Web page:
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EFF fears crims are getting smart to Superfish SSL flaws
Certificate flaws spotted in variety of important sites
The Electronic Frontier Foundation (EFF) says it has found evidence that the security problems with Superfish could be much worse than first thought.
Superfish caused such a stink when it was discovered last week because the Komodia software it used borks SSL connections. But EFF researchers have found that the Komodia library also accepts false certificates that it should have rejected.
The EFF runs the Decentralized SSL Observatory, which is designed to pick up on dodgy software certificates and found there were over 1,600 examples detected that the Komodia engine would have passed as OK, enabling an untraceable man-in-the-middle attack.
"Because of the way Superfish operates there's no way to know for sure if all of these were used for man-in-the-middle attacks," Jeremy Gillula, a staff technologist at the EFF, told The Register. "All we know is that the vulnerability definitely did expose people; it goes from being a theoretical attack to a practical one."
It's possible that some of the 1,600 certificate found are simply badly formed, and weren't used in an attack. But there are some big names on the list, including Google, Yahoo!, Outlook and eBay.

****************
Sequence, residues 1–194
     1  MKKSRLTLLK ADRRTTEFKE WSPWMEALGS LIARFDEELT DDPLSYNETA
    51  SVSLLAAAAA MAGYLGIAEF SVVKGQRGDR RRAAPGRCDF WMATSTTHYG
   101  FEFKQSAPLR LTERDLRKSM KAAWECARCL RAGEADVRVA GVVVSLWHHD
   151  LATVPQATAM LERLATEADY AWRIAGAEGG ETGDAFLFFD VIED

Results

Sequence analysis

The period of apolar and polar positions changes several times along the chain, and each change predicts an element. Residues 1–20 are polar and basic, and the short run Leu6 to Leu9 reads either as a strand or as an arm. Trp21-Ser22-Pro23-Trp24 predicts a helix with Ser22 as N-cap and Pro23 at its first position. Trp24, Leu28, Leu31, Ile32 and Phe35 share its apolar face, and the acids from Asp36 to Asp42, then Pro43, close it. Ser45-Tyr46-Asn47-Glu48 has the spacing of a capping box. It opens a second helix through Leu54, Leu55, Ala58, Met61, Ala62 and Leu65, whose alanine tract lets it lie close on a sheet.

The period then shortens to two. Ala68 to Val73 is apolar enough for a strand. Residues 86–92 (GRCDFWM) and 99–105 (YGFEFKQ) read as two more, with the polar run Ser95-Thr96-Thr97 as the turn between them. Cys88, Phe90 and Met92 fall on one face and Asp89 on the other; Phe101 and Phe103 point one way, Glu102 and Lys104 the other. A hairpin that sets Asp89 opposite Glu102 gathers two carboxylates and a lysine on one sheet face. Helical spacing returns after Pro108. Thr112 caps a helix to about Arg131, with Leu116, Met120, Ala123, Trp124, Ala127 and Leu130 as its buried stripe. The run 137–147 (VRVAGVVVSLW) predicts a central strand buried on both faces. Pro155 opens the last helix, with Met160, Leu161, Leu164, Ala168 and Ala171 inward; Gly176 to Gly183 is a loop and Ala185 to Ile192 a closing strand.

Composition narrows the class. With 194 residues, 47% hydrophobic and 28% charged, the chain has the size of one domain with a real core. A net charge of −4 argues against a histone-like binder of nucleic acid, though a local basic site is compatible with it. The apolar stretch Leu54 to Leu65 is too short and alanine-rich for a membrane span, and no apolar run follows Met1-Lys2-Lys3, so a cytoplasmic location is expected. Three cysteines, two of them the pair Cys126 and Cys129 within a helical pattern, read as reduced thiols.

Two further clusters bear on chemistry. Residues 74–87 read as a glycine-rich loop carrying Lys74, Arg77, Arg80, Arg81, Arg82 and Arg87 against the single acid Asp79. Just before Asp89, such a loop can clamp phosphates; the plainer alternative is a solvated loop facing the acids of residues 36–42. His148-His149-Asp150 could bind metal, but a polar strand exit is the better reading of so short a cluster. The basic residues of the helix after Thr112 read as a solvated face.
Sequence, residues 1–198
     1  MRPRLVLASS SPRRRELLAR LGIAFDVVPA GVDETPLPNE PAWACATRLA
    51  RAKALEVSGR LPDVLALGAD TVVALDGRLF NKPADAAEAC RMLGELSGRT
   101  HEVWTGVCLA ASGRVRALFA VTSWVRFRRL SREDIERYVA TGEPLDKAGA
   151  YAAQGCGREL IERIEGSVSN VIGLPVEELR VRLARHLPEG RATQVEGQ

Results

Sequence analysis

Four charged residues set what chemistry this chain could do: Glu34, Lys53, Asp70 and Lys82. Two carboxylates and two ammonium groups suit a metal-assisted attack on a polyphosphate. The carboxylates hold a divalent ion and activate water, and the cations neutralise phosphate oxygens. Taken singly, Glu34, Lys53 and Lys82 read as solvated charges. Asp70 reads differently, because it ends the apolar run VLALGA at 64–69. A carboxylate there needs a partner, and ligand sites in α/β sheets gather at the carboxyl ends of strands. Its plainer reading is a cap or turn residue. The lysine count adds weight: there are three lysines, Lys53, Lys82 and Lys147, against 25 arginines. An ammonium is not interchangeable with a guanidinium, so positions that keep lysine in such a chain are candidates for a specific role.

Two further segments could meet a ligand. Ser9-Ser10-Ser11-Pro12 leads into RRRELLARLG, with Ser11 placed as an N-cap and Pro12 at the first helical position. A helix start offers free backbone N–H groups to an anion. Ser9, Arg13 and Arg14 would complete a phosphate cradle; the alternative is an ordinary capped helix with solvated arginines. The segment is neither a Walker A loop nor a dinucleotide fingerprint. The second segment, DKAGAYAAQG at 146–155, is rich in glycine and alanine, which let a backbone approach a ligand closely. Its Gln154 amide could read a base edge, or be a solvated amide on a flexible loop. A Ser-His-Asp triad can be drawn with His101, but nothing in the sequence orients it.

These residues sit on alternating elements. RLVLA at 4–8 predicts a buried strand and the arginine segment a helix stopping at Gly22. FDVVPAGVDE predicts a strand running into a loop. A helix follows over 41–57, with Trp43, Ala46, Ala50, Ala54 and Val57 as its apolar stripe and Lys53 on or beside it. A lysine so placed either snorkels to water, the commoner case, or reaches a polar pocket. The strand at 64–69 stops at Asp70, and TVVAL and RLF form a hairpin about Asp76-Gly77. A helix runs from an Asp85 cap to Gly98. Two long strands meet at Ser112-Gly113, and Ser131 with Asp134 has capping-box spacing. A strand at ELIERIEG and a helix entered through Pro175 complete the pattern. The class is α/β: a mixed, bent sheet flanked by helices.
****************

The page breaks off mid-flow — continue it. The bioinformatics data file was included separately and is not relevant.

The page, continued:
Gillula said that the ease with which Komodia's own encryption could be compromised (it took security researchers two hours to crack the password) also means that if malware authors had similar access then attacks could be carried out on people who bought Lenovo PCs containing Superfish without any indication of a problem.
Lenovo told El Reg that there was no indication that malware authors were using this attack vector but said that its security team is monitoring the situation very closely. On Friday the Chinese firm will release a statement on how it plans to deal with future software installs in a way customers can trust.
Gillula said such a system would be welcomed, but is concerned that many other companies may be using other software similar to Superfish to break into PCs.
Hardware vendors load a lot of software onto their systems and Lenovo is a very big name," he said. "If it wasn't vetting the software properly then what are other firms doing? Unless the Lenovo affair acts as a wake-up call to the industry then it's inevitable that we'll find more of this stuff." ®